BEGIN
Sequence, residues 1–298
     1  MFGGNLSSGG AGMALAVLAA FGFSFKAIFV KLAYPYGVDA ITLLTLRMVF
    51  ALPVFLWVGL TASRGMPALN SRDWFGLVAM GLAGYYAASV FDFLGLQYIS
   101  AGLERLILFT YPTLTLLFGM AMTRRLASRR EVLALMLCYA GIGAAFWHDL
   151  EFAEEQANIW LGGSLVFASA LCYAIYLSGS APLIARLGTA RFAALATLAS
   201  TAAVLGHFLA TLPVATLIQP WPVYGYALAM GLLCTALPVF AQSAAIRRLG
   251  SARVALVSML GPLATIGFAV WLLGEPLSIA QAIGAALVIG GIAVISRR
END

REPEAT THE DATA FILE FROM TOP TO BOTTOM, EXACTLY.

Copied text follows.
Sequence, residues 1–298
     1  MFGGNLSSGG AGMALAVLAA FGFSFKAIFV KLAYPYGVDA ITLLTLRMVF
    51  ALPVFLWVGL TASRGMPALN SRDWFGLVAM GLAGYYAASV FDFLGLQYIS
   101  AGLERLILFT YPTLTLLFGM AMTRRLASRR EVLALMLCYA GIGAAFWHDL
   151  EFAEEQANIW LGGSLVFASA LCYAIYLSGS APLIARLGTA RFAALATLAS
   201  TAAVLGHFLA TLPVATLIQP WPVYGYALAM GLLCTALPVF AQSAAIRRLG
   251  SARVALVSML GPLATIGFAV WLLGEPLSIA QAIGAALVIG GIAVISRR